I would take a lot of joy in trying
to beat my opponent at his game.
If he liked to play long rallies, I'd say
like, "Okay, let's do long rallies,"
and I'll beat you at that
and then you have nothing else.
If he came to the net a lot, then I would
say, "Okay, I'll also come to the net,
and I'll beat you at that, too."
So it's very much
a psychological chess match,
but in a physical version.
[crowd cheering]
[reporter] Roger,
what do you think Reto Schmidli
to whom you lost your first junior match,
6-0, 6-0
would make of your career today?
I mean, honestly, I think any junior
er, that probably played against me
back in the day,
we would have never thought that, er,
I was going to be sitting here at 41
having my final press conference.
Because you do not think that far,
you know, in, er...
[sighs] When you have the vision
of being a champion,
you see yourself winning one tournament,
or maybe becoming world number one,
but not many, many times in a row
and staying there for as long as I did.
I always look to, you know,
the Michael Schumachers, Tiger Woods,
all the other guys who stayed there
for so long at the very top
that I didn't understand how they did it.
Next thing you know,
it's like you're part of that group
and, er, it's been erm,
it's been a great feeling. Yeah.
[reporter] Hi, Roger. ESPN.com.
Erm, from watching all your interviews
over the last day or so,
and reading everything you said,
and again today,
it seems like you're handling it all
very well, and you've accepted it.
Are you surprised
how well you accepted it?
Er, yes, erm, I was, er, in a very, erm,
I guess worried, scared place
to face, er, the music.
The... The media, the fans,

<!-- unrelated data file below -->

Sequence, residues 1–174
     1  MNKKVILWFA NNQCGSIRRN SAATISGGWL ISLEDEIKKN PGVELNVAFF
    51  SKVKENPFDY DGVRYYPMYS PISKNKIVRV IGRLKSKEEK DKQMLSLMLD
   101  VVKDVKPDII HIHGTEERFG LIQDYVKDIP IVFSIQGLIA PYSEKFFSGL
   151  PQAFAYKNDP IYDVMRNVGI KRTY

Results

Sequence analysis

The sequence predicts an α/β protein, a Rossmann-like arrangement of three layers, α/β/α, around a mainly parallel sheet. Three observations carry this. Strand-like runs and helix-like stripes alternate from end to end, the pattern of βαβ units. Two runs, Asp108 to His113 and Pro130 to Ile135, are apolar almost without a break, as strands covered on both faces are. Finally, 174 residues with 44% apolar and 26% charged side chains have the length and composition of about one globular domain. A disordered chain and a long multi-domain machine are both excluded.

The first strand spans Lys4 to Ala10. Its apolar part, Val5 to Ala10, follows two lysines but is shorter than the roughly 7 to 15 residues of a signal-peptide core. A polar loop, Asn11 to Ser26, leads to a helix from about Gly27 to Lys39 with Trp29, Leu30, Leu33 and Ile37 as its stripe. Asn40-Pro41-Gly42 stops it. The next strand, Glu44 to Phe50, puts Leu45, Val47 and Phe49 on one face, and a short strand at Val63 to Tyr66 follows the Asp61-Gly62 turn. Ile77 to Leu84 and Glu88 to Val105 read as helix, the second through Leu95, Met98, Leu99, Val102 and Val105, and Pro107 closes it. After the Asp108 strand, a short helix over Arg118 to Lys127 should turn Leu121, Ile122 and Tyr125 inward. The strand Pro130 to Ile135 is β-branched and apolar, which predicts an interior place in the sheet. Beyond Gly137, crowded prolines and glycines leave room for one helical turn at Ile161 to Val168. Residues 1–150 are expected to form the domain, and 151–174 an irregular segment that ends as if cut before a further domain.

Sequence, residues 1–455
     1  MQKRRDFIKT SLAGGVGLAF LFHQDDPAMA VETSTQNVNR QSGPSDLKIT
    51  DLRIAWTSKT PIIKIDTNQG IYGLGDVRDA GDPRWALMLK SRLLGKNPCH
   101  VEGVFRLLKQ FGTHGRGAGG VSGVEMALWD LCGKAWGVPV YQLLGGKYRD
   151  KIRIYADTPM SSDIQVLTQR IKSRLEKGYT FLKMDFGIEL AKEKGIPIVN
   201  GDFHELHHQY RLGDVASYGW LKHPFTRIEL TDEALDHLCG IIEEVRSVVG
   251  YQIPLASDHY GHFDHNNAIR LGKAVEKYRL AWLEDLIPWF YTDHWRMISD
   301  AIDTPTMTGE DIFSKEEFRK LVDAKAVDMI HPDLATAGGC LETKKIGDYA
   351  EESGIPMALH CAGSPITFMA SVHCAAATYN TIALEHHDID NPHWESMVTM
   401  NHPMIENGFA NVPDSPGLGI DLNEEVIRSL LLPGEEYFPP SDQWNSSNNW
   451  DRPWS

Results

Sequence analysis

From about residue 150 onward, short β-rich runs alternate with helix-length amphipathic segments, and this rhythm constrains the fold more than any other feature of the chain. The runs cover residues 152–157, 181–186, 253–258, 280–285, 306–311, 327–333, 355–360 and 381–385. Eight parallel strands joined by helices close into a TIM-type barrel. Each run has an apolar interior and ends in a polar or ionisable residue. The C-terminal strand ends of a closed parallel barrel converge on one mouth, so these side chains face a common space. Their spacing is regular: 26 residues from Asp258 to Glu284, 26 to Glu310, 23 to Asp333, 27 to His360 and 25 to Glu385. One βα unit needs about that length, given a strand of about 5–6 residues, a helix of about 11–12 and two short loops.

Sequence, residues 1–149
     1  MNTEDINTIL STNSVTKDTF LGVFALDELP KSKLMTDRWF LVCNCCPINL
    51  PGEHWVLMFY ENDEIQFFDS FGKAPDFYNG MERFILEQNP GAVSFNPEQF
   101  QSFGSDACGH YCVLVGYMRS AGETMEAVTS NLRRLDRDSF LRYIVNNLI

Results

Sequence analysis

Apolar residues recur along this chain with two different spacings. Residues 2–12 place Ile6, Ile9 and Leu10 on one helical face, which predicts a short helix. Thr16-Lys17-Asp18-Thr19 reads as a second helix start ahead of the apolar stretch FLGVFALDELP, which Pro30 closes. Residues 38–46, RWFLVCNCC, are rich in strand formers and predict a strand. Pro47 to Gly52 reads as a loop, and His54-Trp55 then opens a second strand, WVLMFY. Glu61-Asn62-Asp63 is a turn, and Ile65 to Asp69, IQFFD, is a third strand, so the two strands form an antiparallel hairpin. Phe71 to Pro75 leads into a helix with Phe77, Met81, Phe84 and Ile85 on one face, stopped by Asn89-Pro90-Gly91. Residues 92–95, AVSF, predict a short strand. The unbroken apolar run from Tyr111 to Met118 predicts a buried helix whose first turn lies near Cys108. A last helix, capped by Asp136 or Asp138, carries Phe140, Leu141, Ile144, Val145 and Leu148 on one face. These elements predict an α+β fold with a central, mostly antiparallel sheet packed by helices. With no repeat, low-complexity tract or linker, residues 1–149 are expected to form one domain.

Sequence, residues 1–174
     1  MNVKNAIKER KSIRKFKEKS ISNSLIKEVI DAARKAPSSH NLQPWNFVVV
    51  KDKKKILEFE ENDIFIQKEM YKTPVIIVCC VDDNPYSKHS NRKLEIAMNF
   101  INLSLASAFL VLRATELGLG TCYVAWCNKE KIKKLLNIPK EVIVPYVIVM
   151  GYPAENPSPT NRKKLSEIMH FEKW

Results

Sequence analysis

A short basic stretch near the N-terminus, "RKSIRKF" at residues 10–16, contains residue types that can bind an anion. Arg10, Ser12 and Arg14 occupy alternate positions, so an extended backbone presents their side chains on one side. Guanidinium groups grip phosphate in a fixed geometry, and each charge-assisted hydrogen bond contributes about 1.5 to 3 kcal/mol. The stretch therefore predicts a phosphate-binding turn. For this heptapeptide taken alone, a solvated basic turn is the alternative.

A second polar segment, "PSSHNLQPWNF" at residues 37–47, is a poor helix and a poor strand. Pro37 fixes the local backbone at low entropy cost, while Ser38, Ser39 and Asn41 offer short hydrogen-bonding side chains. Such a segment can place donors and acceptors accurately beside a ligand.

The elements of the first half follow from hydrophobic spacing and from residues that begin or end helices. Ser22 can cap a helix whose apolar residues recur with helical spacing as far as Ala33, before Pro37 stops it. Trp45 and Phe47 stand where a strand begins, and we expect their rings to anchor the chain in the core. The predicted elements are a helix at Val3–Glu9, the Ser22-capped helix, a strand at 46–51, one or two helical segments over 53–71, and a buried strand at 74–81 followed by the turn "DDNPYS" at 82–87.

and everything, and erm,
I just wanted to let, erm, the fans know
I won't be a ghost.
You know, that, erm...
It's funny, you know,
I talked about Bjrn Borg just before,
I don't think he returned
to Wimbledon for 25 years.
That, in a way, hurts,
you know, every tennis fan, erm...
Totally acceptable, his life,
his reasons, you know, but...
Erm, I don't think
I'll be that guy, you know, and, erm...
I feel that tennis has given me too much,
I've been around the game for too long.
So, you'll see me again,
you know, and not just never again.
- [applause]
- Thank you.
See you soon.
[Federer] Bjrn Borg,
he's always been a hero of mine.
I always call him the king,
will always call him the king.
He's the one that opened the door
for us players
to be more than just tennis players.
I guess to be able to be on the cover
of magazines,
to be a brand ambassador.
Those were made for models, you know,
and not for athletes,
and I think he's the one
that broke that barrier down.
Funnily enough, he retired at 26, 27,
really, really early,
and I'm on the other spectrum,
retiring super late.
Bjrn used to be never around,
we very rarely saw him.
So he was this icon,
but he was untouchable.
- [Borg] The king is coming.
- How's everything?
[Federer] And how ironic is it that then,
you know, fast-forward years,
I didn't know about
the Laver Cup happening,
that we spent all these moments together.
So, good day?
Busy again, shit.
It doesn't stop,
but, er, no...
- [Borg] Did you play some today?
- I played quickly.
- It was good to move around a little bit.
- Yeah.
I wasn't planning to hit
and then I said, "Okay, you know what."
And it's funny,
like, when you play three times
the same court again, you know
how you start finding that rhythm.
- I have that...
- Yeah, yeah, I have, too.
It's been a long time
since I played three times
on the same court in a row,
in a nice surrounding, you know? But...
Yeah, it was good. Played...
I have a funny story with Bjrn as well
was when I beat Sampras
at Wimbledon back in 2001.
Sampras was going for his record
sixth Wimbledon in a row.
- [crowd cheering wildly]
- [commentator] He's done it.
The champion is out!
[Federer] My agent said, "Hey, look
I've somebody on the phone with you